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Am J Trop Med Hyg. 2012 Jan;86(1):171-7. doi: 10.4269/ajtmh.2012.11-0393.

Chikungunya and dengue fever among hospitalized febrile patients in northern Tanzania.

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  • 1Division of Infectious Diseases and International Health, Department of Medicine, Duke University Medical Center, Durham, North Carolina, USA.

Abstract

Consecutive febrile admissions were enrolled at two hospitals in Moshi, Tanzania. Confirmed acute Chikungunya virus (CHIKV), Dengue virus (DENV), and flavivirus infection were defined as a positive polymerase chain reaction (PCR) result. Presumptive acute DENV infection was defined as a positive anti-DENV immunoglobulin M (IgM) enzyme-linked immunsorbent assay (ELISA) result, and prior flavivirus exposure was defined as a positive anti-DENV IgG ELISA result. Among 870 participants, PCR testing was performed on 700 (80.5%). Of these, 55 (7.9%) had confirmed acute CHIKV infection, whereas no participants had confirmed acute DENV or flavivirus infection. Anti-DENV IgM serologic testing was performed for 747 (85.9%) participants, and of these 71 (9.5%) had presumptive acute DENV infection. Anti-DENV IgG serologic testing was performed for 751 (86.3%) participants, and of these 80 (10.7%) had prior flavivirus exposure. CHIKV infection was more common among infants and children than adults and adolescents (odds ratio [OR] 1.9, P = 0.026) and among HIV-infected patients with severe immunosuppression (OR 10.5, P = 0.007). CHIKV infection is an important but unrecognized cause of febrile illness in northern Tanzania. DENV or other closely related flaviviruses are likely also circulating.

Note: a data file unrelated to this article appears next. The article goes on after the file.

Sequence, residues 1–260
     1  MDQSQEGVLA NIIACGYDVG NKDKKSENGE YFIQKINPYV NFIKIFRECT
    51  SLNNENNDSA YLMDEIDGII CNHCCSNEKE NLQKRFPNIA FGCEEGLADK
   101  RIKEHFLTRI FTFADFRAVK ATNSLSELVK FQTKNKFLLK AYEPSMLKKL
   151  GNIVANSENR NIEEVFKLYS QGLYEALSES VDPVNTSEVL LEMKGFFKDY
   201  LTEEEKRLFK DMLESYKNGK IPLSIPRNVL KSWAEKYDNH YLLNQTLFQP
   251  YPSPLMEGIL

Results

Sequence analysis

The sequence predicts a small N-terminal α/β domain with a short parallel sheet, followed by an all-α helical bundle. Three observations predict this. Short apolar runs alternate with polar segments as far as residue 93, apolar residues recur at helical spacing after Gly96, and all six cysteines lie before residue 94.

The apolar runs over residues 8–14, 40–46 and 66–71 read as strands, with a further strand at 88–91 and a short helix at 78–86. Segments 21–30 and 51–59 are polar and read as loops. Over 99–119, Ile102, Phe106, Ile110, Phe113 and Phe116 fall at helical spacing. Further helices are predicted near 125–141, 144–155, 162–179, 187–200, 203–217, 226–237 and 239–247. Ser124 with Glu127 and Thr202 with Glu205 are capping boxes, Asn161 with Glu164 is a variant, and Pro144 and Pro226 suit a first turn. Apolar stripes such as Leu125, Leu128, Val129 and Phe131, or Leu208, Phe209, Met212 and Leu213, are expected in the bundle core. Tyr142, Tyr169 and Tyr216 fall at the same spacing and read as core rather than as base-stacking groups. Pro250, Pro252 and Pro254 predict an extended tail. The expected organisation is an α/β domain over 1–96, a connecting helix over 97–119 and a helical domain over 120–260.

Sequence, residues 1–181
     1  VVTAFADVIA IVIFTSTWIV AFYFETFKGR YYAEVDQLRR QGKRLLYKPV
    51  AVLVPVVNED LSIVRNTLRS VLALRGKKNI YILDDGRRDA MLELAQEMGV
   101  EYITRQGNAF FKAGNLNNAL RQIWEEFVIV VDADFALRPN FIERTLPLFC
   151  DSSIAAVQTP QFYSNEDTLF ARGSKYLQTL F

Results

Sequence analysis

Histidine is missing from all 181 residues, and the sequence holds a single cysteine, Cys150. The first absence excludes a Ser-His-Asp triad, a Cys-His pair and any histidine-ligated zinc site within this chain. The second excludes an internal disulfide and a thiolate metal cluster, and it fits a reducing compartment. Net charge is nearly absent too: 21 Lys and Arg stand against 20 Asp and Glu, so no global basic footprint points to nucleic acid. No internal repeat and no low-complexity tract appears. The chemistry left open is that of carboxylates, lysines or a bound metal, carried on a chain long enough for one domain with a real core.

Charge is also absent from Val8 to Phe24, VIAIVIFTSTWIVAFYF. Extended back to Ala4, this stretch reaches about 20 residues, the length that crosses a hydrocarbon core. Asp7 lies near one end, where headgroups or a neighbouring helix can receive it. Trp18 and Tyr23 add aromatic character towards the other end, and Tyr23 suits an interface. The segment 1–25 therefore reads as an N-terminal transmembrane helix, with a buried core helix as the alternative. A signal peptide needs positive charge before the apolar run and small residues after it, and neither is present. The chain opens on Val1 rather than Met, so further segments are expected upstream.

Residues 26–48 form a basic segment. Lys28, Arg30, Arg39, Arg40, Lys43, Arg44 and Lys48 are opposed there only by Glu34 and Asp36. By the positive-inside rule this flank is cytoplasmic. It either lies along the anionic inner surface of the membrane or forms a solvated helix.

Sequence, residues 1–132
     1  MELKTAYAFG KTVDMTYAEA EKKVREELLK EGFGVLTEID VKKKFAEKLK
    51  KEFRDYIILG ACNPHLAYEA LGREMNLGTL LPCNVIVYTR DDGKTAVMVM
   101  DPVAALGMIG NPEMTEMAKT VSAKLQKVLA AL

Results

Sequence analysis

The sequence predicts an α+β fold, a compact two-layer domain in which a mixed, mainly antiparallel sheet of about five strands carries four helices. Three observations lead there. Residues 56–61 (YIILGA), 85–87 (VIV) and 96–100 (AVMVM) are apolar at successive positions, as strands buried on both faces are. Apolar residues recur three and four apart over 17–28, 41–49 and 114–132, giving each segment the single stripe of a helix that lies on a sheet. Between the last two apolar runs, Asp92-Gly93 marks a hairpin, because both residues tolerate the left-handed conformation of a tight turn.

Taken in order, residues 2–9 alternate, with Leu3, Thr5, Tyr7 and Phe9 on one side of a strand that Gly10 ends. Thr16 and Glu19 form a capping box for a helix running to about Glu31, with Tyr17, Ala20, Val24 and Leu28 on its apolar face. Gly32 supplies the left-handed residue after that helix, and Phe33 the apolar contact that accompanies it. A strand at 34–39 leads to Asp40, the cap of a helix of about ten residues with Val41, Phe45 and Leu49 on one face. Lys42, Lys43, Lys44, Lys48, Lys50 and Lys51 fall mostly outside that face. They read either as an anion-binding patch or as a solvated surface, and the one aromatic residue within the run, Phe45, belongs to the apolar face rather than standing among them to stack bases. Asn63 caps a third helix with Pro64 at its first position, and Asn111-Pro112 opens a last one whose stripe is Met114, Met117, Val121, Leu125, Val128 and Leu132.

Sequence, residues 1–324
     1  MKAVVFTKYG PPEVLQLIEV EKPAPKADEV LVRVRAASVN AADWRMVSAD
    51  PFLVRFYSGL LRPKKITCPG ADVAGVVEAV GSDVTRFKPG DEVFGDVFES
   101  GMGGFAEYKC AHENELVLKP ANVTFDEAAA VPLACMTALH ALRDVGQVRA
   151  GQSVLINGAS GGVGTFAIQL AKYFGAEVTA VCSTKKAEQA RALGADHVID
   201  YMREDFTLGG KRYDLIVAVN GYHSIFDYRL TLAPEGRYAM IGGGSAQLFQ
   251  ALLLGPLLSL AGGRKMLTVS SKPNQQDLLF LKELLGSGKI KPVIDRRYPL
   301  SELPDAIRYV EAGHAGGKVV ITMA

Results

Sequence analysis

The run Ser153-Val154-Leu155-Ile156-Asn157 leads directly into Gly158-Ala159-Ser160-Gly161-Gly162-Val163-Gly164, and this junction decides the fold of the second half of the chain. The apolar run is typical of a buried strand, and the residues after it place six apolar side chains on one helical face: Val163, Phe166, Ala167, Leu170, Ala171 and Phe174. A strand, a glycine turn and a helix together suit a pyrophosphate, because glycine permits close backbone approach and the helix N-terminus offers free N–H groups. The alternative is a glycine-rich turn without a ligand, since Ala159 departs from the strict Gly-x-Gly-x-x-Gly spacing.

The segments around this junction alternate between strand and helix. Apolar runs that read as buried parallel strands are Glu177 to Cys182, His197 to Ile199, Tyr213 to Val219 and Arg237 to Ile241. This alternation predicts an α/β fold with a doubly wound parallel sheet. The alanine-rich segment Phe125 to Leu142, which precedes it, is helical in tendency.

PMID:
22232469
[PubMed - indexed for MEDLINE]
PMCID:
PMC3247127
Free PMC Article
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